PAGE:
How Mitt Romney's new plan would change Social Security and Medicare
Mitt Romney unveiled his fiscal plan to a tea party-aligned group Friday. It would cut some federal programs, and it could mean significant changes in Social Security and Medicare.
Republican presidential candidate Mitt Romney has laid out his fiscal plan â€śto turn around the federal governmentâ€ť by axing or reducing programs â€“ including what could be significant changes to Medicare and Social Security.
As might be expected from a relatively moderate Republican, Mr. Romneyâ€™s plan is not as drastic as others, such as fellow GOP presidential candidate Rep. Ron Paulâ€™s, which would eliminate several departments of federal government, or House Budget Committee Chairman Paul Ryanâ€™s controversial plan, which Democrats say would â€śkill Medicare.â€ť
Still, Romneyâ€™s pledge to â€śmake government simpler, smaller, and smarter,â€ť declared Friday in a speech to the tea party-aligned group Americans for Prosperity, was embraced by Congressman Ryan. Thatâ€™s sure to set it up as a target for Democrats and for President Obama, as the incumbent president looks for ways to win reelection at a time when the US economy sputters and congressional Republicans reject his jobs-creating efforts.
â€śThis is a great development,â€ť Ryan told Washington Post conservative columnist Jennifer Rubin, regarding Romney. â€śIt shows that the elusive adult conversation is taking place.... This tracks perfectly with the House budget.â€ť
Among the elements in Romneyâ€™s plan:
- Cap federal spending at 20 percent of gross domestic product (it was 24.3 percent last year), which would require spending cuts of approximately $500 billion per year in 2016, assuming the economy grows about about 4 percent annually. (The US grew by 2.8 percent in 2010.) The plan would also reverse defense cuts in Obama administration budgets.
- Cut nonsecurity discretionary spending to below 2008 levels by cutting such spending 5 percent across the board.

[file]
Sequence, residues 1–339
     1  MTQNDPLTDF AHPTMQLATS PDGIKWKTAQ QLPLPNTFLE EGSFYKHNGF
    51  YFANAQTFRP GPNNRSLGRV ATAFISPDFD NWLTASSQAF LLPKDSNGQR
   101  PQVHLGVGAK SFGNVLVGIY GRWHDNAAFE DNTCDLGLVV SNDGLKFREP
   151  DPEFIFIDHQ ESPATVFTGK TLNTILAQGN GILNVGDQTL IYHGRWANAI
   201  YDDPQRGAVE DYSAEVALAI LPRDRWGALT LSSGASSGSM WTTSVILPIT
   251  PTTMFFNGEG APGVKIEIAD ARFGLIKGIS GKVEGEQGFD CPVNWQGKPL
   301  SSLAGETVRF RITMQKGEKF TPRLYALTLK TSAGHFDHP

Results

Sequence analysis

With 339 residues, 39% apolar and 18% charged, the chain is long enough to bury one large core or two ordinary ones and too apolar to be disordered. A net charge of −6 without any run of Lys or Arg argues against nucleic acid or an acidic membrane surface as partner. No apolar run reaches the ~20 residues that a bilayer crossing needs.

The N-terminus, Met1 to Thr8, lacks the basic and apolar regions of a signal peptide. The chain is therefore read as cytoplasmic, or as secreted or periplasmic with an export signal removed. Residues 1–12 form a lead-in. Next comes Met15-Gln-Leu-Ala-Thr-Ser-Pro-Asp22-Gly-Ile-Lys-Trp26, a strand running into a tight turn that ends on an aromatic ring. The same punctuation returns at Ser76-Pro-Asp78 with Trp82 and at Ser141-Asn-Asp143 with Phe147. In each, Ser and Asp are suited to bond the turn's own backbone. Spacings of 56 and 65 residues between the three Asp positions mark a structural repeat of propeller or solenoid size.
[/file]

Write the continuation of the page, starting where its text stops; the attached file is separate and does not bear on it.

- Privatize Amtrak, saving $1.6 billion.
- Reduce subsidies for the National Endowments for the Arts and Humanities, the Corporation for Public Broadcasting, and the Legal Services Corporation, saving $600 Million.
- Eliminate Title X family planning funding that benefits groups like Planned Parenthood, saving $300 million.
- Reduce foreign aid by $100 million, particularly to countries the US borrows money from, including China.
- Reduce the federal workforce by 10 percent through attrition, align federal employee compensation with the private sector, and repeal the Davis-Bacon Act, which, according to Romney, â€śforces the government to pay above-market wages, insulating labor unions from competition and driving up project costs by approximately 10 percent.â€ť
On Social Security, Romney would â€śgradually raise the retirement age to reflect increases in longevity and slow the growth in benefits for higher-income retirees.â€ť
Similarly, Romney indicates a gradualism on Medicare.
â€śFirst, Medicare should not change for anyone in the program or soon to be in it,â€ť he said in his speech Friday.Â â€śWe should honor our commitments to our seniors.â€ť
â€śTomorrowâ€™s seniors should have the freedom to choose what their health coverage looks like,â€ť he continued.Â â€śYounger Americans today, when they turn 65, should have a choice between traditional Medicare and other private health-care plans that provide at least the same level of benefits ... as with Social Security, the eligibility age should slowly increase to keep pace with increases in longevity.â€ť
Many of the details in Romneyâ€™s plan are yet to be revealed, but his political competitors were quick to weigh in.
â€śHe pandered to interest groups and offered timid reforms to government spending, all the while trying to convince voters he will magically balance the budget anyway,â€ť said Tim Miller, the campaign spokesman of Jon Huntsman Jr., in a statement. â€śGovernor Romney's plan that protects subsidies, the Defense Department, and nibbles around the edges on entitlements leaves no doubt that he has no realistic plan or intention to honestly balance the budget.â€ť
Rick Perryâ€™s campaign took the occasion to note Romneyâ€™s support for the 2008 Wall Street bailout, the subject of Mr. Perryâ€™s latest YouTube video attacking Romney.
"Any proposal from Mitt Romney to reduce government spending that does not end government bailouts is not a serious plan to reduce government spending," said Perry spokesman Ray Sullivan in an e-mail to reporters.
Obamaâ€™s reelection campaign jumped in as well.
â€śMitt Romneyâ€™s proposal â€¦ places a great burden on the middle class and the elderly, and instead of asking all Americans to do their fair share it continues to offer special breaks for large corporations, millionaires, and billionaires,â€ť said Obama for America press secretary Ben LaBolt in a statement.
â€śMuch of Mitt Romneyâ€™s plan is a carbon copy of the House Republicansâ€™ budget,â€ť Mr. LaBolt emphasized, tying Romney to Ryan. â€śIt would wipe out investments essential to creating jobs and promoting growth and would leave millions of older Americans to fend for themselves by privatizing Medicare.â€ť
In aÂ web video, the Democratic National Committee said Romneyâ€™s plan would seriously hurt middle-class families, saying the plan was something "only a billionaire could love."